On Friday night, Dateline NBC aired "Death By Poison," the story of how the death of Rosemarie Essa "would shatter what everyone thought was a perfect family life, especially after her husband mysteriously disappears and his secret "double life" is exposed."
After nearly four years on the run, Dr. Yazeed Essa was caught in Cyprus with a fake passport and eventually brought back to Cuyahoga County in January, 2009. He stood trial, accused of poisoning his wife with cyanide-laced capsules so he could be with one of his many mistresses.
On March 5, 2010, he was convicted of Rosemarie's murder and Cuyahoga County Common Pleas Judge Deena R. Calabrese sentenced him to life in prison without parole until after 20 years.
But while the story has its compelling twists and turns, it doesn't stop there. And neither does the money involved.
Trustees for Rosemarie Essa's estate sold the Gates Mills home the couple lived in on Nov. 6, 2006, while Yazeed was on the run. Any profit from that sale went to their children.
Yazeed, now 41, hired prominent Cleveland defense attorneys Mark Marein and Steve Bradley. There is no public record to show how Yazeed paid for his legal defense but his brother, Firas, has admitted helping him financially while he was on the run.
But when Yazeed's bond was set at $75 million in January, 2009, no bond was posted, so he remained in jail until the end of his trial.
That's 424 days in jail that is being credited to his prison sentence at the Lorain Correctional Institution where he is serving time now, officials there said.
Yazeed arrived at LCI on March 11 and officials there say that Yazeed will have his first parole hearing in November, 2028.
Near the end of the trial, Marein and Bradley informed the court that they would not be continuing as Yazeed's attorneys after the trial ended.
Then Yazeed filed an affidavit of indigency with the court, basically saying that he had no money. His new court-appointed, taxpayer-financed attorney is Stephen Miles.
Less than two weeks after the conviction, Miles filed an appeal, saying that Yazeed did not get a fair trial. The state will pay for the copy of the trial transcript being sent to the appeals court for the appeal.
No matter what happens, the family of Rosemarie DiPuccio Essa will never get Rosemarie back and her two children, who are being raised by family members, will never have their mother back.
The human cost of what Yazeed Essa did is heartbreaking. And now the other costs of bringing him to justice, as well as keeping him in prison, are mounting and taxpayers will bear that burden.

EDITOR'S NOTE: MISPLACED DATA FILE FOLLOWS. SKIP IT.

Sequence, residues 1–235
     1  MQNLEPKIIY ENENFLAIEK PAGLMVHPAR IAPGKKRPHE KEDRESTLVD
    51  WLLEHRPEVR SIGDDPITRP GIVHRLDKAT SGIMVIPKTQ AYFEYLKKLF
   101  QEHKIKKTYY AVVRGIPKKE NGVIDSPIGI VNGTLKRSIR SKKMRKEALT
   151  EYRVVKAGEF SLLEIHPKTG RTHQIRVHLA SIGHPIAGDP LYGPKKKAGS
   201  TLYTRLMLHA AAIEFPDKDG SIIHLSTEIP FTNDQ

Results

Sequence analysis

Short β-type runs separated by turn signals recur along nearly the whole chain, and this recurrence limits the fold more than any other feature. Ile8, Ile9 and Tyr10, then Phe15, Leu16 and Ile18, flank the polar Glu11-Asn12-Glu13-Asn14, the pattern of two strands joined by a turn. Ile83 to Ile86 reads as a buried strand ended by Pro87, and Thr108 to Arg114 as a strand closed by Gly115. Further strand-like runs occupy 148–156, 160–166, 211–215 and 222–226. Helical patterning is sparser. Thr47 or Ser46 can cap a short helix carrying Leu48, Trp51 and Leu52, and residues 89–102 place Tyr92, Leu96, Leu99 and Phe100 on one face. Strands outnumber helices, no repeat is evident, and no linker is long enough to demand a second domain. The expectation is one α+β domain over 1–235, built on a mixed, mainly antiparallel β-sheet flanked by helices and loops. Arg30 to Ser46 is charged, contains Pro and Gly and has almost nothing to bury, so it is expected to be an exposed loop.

Records show that the court granted the state of Ohio extradition fees for the case, totalling $41,299.49.
The court itself determined that Yazeed owes $54,956.11 in court costs for his trial. Records show that no court costs have been paid to date. Most court costs for motions, filings and responses are expected and reasonable.
The court sent a collection letter for the $54, 956.11 to Yazeed at LCI the day he arrived there.
Now that Yazeed is at LCI, he is known as inmate #A582383 and his prison photo (at right) shows that he has shaved his head.
According to LCI officials, Yazeed will share space in LCI, the state prison in Grafton, with 1,959 other inmates. Taxpayers will pay the $50.86 a day that it costs to keep him there.
There are also years worth of fees, mostly in the $5 and $6 range, for sheriffs serving subpoenas from several counties, including Lake, Summit, Hamilton, Geauga and Portage.
There are court recorder's fees as well.
Here is the background on the Essa case.
On Feb. 24, 2005, Rosemarie, 38, was driving her SUV in Highland Heights, an eastside Cleveland suburb about five miles from her home, after taking what her husband told her were calcium supplement capsules.
She soon became ill and lost control of her then-slow-moving vehicle. She died, but not from her injuries.
The couple lived in Gates Mills, an upscale Eastside Cleveland suburb. Yazeed, a Detroit native whose family is from a Palestinian territory, was an emergency room doctor at Akron General Medical Center.
A few weeks after her death, Yazeed went to Detroit with friends and from there fled the country to Lebanon after police seized drug bottles at his home.
Prosecutors indicted Yazeed on Feb. 7, 2006, and issued an arrest warrant. He was found and extradited back to the United States and into the Cuyahoga County Jail on Jan. 1, 2009.